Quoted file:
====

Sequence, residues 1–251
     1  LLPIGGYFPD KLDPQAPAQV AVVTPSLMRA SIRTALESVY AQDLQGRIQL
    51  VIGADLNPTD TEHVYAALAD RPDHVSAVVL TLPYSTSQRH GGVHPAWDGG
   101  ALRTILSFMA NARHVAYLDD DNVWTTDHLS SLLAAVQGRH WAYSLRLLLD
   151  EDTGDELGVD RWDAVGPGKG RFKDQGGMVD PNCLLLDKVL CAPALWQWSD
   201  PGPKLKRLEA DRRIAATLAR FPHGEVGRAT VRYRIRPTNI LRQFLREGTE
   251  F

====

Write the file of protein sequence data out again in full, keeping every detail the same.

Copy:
Sequence, residues 1–251
     1  LLPIGGYFPD KLDPQAPAQV AVVTPSLMRA SIRTALESVY AQDLQGRIQL
    51  VIGADLNPTD TEHVYAALAD RPDHVSAVVL TLPYSTSQRH GGVHPAWDGG
   101  ALRTILSFMA NARHVAYLDD DNVWTTDHLS SLLAAVQGRH WAYSLRLLLD
   151  EDTGDELGVD RWDAVGPGKG RFKDQGGMVD PNCLLLDKVL CAPALWQWSD
   201  PGPKLKRLEA DRRIAATLAR FPHGEVGRAT VRYRIRPTNI LRQFLREGTE
   251  F